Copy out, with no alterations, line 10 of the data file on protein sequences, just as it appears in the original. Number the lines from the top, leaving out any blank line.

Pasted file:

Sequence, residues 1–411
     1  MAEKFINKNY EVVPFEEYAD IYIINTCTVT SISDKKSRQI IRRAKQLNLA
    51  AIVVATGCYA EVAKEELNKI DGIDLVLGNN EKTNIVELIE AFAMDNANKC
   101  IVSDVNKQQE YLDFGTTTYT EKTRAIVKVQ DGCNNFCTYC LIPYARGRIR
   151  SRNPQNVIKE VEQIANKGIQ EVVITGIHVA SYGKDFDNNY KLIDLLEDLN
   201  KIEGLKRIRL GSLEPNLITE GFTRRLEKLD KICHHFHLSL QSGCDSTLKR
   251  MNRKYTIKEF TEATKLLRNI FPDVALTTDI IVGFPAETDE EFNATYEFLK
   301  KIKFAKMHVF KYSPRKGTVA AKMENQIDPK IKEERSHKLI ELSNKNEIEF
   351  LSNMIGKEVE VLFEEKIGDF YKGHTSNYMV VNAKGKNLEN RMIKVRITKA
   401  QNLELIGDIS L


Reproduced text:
   401  QNLELIGDIS L